Remediation work on the site is expected to start in early 2018 and the first buildings should be taking shape from early to mid-2019.
CEMEX has signed a contract for a new Marine Aggregate Dredger as part of fleet renewal plans. The vessel, which will be built at Damen Shipyards Galati, in Romania, is designed to extract sand and gravel from the sea bed up to depths of 55 metres, including in the challenging conditions experienced in the North Sea.
Brett Aggregates will open a state-of-the art concrete plant at Peruvian Wharf in 2018, supplying the full range of high specification concrete mixes to the local area around Silvertown and to ongoing major projects in the rapidly developing East London area.
The PLA invested £6 million in acquiring the wharf and preparing it for use.
Bennett’s Barges has ordered eight new barges for operations on the River Thames. Being built by the Dutch company Baars, there will be two 1,600-ton barges, four at 1,500 tons and two at 1,000 ton – to be delivered in 2017-2018.
The barges have been designed specifically to meet the requirements of the Thames Tideway Tunnel project; Bennett’s has been contracted to remove spoil from the Carnwath Road worksite at Wandsworth Bridge, as part of its work with Tideway.
Livett’s Launches and Bennett’s Barges worked together in July and August 2017 to help deliver 94 office cabins to Carnwath Road.
Seacon is expanding its operations at Tower Wharf, Northfleet, through the acquisition of a neighbouring one-acre site – and it is also investing in its haulage fleet, terminal equipment and security fencing.
“This expansion will enable us to realign the trailer park and create additional outside storage space,” says Seacon chairman James Roth. “It will open up opportunities for handling building products and serving key construction projects, where we see significant opportunities.”
Seacon handles general cargo, breakbulk, steel, metals and forest products at Northfleet. Work on the new site will start early in 2018 with the demolition of old buildings and the installation of new security fencing. “We will be placing the emphasis on building products, including rebar,” says James Roth. “We are looking closely at construction projects linked to the Thames and the prospect of loading barges going up to the city.”
Meanwhile, Seacon’s forest products subsidiary at Tilbury is also expanding – and taking on a new name. The former Stanton Grove, which specialises in packaging, tissue products and other commodities, will be renamed Seacon (S.G.) Ltd from January 2018.
Seacon’s roots go back to the 1950s, when the company started out as an agency. “We have had a presence in the Port of London ever since. We are very closely associated with the Thames through our Northfleet and Tilbury operations – we are four-square behind the Port of London.”
The wharf is critical to the running of Eurovia’s asphalt plant on the site, as more than 90% of its primary aggregates – more than 200,000 tonnes a year – are imported by water. By using the Thames to receive aggregate shipments, the company saves more than 8,000 lorry movements a year, reducing emissions and the company’s carbon footprint.
The work carried out in 2017 included removing existing timbers and replacing them with 2,000 linear metres of greenheart timber – chosen for its resistance to decay and attack by marine organisms. An extra buffer timber was installed on the front of the main timbers. Horizontal timbers, which had been broken in places due to boats mooring and pushing up against them with the rising tide, were replaced by vertical timbers to stop this from recurring. Access ladders were replaced and a walkway was constructed to make receiving shipments safer. The new wharf frontage has a design life of 30 years.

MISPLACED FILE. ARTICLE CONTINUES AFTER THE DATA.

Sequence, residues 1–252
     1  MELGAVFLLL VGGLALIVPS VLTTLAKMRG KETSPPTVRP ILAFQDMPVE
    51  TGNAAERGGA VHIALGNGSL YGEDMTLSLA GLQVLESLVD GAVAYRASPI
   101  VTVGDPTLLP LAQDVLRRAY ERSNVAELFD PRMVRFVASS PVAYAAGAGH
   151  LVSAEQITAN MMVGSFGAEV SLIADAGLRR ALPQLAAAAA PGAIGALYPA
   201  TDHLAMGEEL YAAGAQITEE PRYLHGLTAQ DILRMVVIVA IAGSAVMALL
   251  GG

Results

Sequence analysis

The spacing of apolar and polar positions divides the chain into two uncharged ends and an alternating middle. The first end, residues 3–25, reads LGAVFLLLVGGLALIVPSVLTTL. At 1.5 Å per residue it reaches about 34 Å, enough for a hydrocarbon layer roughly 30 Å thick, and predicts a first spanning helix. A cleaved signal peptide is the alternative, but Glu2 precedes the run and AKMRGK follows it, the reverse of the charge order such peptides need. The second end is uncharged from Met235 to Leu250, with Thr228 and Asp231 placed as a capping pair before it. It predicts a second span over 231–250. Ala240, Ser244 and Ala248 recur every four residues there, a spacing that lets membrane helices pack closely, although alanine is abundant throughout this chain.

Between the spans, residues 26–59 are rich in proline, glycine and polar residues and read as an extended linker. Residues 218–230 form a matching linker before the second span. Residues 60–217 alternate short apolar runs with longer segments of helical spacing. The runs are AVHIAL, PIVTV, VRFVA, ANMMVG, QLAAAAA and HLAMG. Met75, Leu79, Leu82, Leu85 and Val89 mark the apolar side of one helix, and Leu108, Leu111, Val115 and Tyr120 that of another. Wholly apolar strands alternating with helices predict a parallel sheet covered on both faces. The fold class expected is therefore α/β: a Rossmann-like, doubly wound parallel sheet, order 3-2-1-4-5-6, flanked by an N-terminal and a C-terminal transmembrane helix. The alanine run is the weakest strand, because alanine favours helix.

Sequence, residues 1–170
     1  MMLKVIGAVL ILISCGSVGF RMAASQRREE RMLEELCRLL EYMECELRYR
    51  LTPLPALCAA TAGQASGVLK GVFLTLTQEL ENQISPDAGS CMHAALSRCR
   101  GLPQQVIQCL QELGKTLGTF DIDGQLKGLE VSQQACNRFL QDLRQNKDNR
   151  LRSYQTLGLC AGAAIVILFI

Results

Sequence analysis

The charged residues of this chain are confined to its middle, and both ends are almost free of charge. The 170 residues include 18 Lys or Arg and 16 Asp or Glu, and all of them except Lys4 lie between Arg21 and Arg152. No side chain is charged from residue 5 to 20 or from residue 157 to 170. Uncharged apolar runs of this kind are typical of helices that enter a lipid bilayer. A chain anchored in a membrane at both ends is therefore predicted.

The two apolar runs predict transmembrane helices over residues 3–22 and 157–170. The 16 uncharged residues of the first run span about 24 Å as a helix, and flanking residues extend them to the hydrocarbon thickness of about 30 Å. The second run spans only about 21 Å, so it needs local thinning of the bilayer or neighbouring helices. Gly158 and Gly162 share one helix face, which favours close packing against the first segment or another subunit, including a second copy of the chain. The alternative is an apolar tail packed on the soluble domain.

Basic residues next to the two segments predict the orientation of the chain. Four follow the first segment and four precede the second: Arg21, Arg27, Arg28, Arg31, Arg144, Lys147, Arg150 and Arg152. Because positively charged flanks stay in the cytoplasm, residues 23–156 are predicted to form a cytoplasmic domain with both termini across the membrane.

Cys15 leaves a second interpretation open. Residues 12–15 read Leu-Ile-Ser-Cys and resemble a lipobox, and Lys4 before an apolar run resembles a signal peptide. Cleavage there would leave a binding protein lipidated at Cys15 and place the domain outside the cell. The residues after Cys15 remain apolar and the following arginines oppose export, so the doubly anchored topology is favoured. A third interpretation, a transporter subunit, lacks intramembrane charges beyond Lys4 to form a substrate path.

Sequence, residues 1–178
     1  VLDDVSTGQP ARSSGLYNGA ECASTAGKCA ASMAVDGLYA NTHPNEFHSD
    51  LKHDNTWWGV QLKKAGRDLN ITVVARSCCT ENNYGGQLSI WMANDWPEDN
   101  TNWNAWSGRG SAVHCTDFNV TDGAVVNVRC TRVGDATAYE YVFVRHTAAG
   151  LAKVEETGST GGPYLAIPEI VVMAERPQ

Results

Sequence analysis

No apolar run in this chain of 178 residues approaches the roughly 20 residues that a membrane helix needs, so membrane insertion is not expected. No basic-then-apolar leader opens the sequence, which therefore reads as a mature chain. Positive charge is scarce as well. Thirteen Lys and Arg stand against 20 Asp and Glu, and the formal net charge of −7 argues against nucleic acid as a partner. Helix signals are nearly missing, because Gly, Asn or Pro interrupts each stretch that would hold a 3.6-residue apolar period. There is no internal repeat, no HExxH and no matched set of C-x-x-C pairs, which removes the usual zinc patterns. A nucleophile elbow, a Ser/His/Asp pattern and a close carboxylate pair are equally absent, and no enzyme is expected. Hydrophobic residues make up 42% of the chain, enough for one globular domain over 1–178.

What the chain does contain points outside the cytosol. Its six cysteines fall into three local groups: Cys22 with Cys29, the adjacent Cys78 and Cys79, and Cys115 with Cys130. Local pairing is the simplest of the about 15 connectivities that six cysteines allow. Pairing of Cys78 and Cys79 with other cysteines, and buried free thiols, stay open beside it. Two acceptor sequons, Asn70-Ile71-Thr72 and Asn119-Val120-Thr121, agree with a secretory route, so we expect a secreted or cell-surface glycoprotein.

At the Canvey Island bulk liquid storage terminal of Oikos Storage Ltd, the third phase of a major investment programme is now under way. This £65 million investment will provide another 80,000 cubic metres of new gasoline licensed tankage, new road loading gantries and a new jetty, all to be commissioned in late 2018.
The terminal’s existing Jetty 1 has three marine loading arms and four import lines, each capable of discharging at up 750 cubic metres per hour, and can accommodate vessels of up to 55,000 dwt with 12.5 metres draft.
The new Jetty 2 will initially have two 16-inch marine loading arms, each discharging up to 3,000 cubic metres per hour via two 24-inch import pipelines. It will be capable of receiving vessels of up to 120,000 dwt and 14.5 metres draft.
The new road loading facilities will be capable of loading both aviation fuel and ground fuels via dedicated systems.
Construction materials company Hanson is investing £70 million in two new 3,000 cubic metre capacity trailing suction hopper dredgers for its marine aggregate fleet. These will be used to bring sand and gravel from the North Sea and Eastern English Channel into dedicated wharves on the Thames and Medway rivers.
The new trailing suction hopper dredgers, which will enter service in 2019, will be equivalent in size to Hanson’s existing A-Class vessels, carrying up to 5,500 tonnes of sand and gravel, and will provide major improvements in fuel consumption, reliability and CO2 emissions. They are being built by the Dutch shipbuilder Barkmeijer at its yard at Stroobos in the Netherlands.
“Marine dredged sand and gravel is critical to our UK business. It is used in around half of our readymixed concrete plants and is becoming more and more important due to the increasing scarcity of land-won sand and gravel, particularly around London and South East England,” said Hanson UK chief executive Daniel Cooper.
The new vessels will be complemented by a £12 million investment by Hanson in its Victoria Deep Water Terminal on the Thames at Greenwich. The plans for the site include replacing two existing concrete batching plants with three new ones enclosed within a new building. Raw materials for concrete production, principally sand and gravel, which is currently stored in open bays, will also be kept in the building.